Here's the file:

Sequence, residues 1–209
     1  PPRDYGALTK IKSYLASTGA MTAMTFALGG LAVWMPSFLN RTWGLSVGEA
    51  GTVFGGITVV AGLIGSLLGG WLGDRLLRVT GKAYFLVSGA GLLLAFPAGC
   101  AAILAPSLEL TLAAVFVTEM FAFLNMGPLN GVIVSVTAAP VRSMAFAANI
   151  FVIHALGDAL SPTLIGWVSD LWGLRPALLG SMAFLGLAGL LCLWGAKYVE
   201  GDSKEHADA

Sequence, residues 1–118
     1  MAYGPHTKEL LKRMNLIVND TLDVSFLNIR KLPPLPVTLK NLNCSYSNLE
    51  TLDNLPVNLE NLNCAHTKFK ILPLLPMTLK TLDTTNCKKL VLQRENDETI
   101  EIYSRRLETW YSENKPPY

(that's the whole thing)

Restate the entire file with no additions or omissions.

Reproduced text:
Sequence, residues 1–209
     1  PPRDYGALTK IKSYLASTGA MTAMTFALGG LAVWMPSFLN RTWGLSVGEA
    51  GTVFGGITVV AGLIGSLLGG WLGDRLLRVT GKAYFLVSGA GLLLAFPAGC
   101  AAILAPSLEL TLAAVFVTEM FAFLNMGPLN GVIVSVTAAP VRSMAFAANI
   151  FVIHALGDAL SPTLIGWVSD LWGLRPALLG SMAFLGLAGL LCLWGAKYVE
   201  GDSKEHADA

Sequence, residues 1–118
     1  MAYGPHTKEL LKRMNLIVND TLDVSFLNIR KLPPLPVTLK NLNCSYSNLE
    51  TLDNLPVNLE NLNCAHTKFK ILPLLPMTLK TLDTTNCKKL VLQRENDETI
   101  EIYSRRLETW YSENKPPY